Cosby’s memoir falls flat

Mark Lewis and Mark Lewis

Every single time I mention the name “Bill Cosby” to an acquaintance or close friend – I get these ridiculously bad impressions of them channeling Cosby saying “J-E-L-L-O” or “JELLO pudding pops” I’m absolutely convinced that these responses are hard-wired into the brains of every single twenty-something I’ve ever encountered.

Dr. Cosby released his latest book “I Didn’t Ask To Be Born (But I’m Glad I Was)” on Nov. 1, 2011 – three days after I attended what I surmised to be his last comedy routine at the Sacramento Convention Center.

The “’#1 New York Times Bestselling Author’” of “Cosbyology” and numerous other books spanning his five decades as a mass media virtuoso has written a book for the ADHD-generation.

Consider some of the chapter titles featured in the 198 page book – “’Message to the Groom,’” “’If Only Native Americans Knew Then What They Know Now,’” “’Erectile Dysfunction,’” “’Children Aren’t You’re Friends’” and “’Cabbage Patch.’”

As an admirer of Cosby’s career – my intuition is to write a review praising Cosby’s collection of anecdotes and recommend you download it to your Kindle immediately but I just can’t.

The book’s back cover features an illustration of a man reading a book (presumably Cosby’s) while laughing so hysterically that his glasses have flown off of him and he is elevated two feet above the chair he was seated in. “’It is funny. It is humorous. And it is healthy.’” The quote is attributed to Cosby and after reading the sparse non-fiction novel – I have to disagree with his assessment of his own work.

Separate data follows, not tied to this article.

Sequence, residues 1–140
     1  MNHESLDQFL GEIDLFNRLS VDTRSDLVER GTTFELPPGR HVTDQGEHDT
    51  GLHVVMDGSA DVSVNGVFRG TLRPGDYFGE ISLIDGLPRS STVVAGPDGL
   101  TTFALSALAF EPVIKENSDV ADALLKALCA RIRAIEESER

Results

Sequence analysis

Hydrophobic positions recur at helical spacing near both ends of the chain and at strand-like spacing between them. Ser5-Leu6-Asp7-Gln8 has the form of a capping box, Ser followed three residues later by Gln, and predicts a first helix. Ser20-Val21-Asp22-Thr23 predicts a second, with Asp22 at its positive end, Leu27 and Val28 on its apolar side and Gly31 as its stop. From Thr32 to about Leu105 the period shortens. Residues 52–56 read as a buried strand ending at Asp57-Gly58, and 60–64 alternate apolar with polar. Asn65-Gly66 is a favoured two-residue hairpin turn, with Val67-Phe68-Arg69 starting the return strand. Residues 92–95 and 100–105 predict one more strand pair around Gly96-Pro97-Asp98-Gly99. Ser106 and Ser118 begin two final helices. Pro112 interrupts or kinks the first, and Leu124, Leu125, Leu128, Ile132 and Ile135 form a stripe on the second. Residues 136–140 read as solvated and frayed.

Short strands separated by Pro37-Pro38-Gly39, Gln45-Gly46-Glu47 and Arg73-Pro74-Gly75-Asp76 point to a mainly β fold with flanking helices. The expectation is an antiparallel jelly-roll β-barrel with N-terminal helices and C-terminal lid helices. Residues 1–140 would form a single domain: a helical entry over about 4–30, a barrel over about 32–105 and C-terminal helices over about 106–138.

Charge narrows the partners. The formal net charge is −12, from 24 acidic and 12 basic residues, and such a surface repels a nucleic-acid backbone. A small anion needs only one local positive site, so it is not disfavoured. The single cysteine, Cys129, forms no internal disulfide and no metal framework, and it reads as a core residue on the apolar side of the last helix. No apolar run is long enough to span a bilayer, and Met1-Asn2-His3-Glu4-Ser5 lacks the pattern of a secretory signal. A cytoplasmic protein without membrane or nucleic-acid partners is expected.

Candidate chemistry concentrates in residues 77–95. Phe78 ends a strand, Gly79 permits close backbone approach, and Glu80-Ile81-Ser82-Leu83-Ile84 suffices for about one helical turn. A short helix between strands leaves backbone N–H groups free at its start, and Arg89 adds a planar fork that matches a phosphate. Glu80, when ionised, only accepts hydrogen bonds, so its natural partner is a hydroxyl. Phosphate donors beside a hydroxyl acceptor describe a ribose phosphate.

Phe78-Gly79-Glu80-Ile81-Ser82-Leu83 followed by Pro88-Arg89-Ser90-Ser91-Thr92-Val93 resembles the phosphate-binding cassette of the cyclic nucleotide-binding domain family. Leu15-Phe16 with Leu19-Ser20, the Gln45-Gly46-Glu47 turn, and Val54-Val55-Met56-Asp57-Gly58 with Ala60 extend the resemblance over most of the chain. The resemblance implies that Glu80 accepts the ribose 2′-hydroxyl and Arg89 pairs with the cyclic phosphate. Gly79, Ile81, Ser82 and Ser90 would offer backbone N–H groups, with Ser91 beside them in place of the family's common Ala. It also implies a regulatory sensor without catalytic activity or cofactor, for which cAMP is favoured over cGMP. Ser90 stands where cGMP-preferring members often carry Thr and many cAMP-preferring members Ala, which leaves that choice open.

“I Didn’t Ask To Be Born (But I’m Glad I Was)” is a scattered assemblage of Cosby’s anecdotes that flow about as well as a shower head would if the water was turned-off.

The book’s relevance was a constant problem for me as I turned the pages. His extensive position on Cabbage Patch dolls and their degradation of society is awkwardly outdated. Concerning his stories involving grandchildren and his wife – I can understand their inclusion. A basic principle of writing is “You write what you know!”

For the 74-year-old Cosby – knowledge is not nor never has been the issue. Dr. Cosby is a genuine living legend of a brand of comedy that he himself created.  Unfortunately, the comedic wit and cynicism that accompany his live performances simply doesn’t translate into the written word.

Bill Cosby’s “I Didn’t Ask To Be Born (But I’m Glad I Was)”

My final verdict: Loved it? Loathed it? Missed the Mark? – Missed the Mark!

[email protected]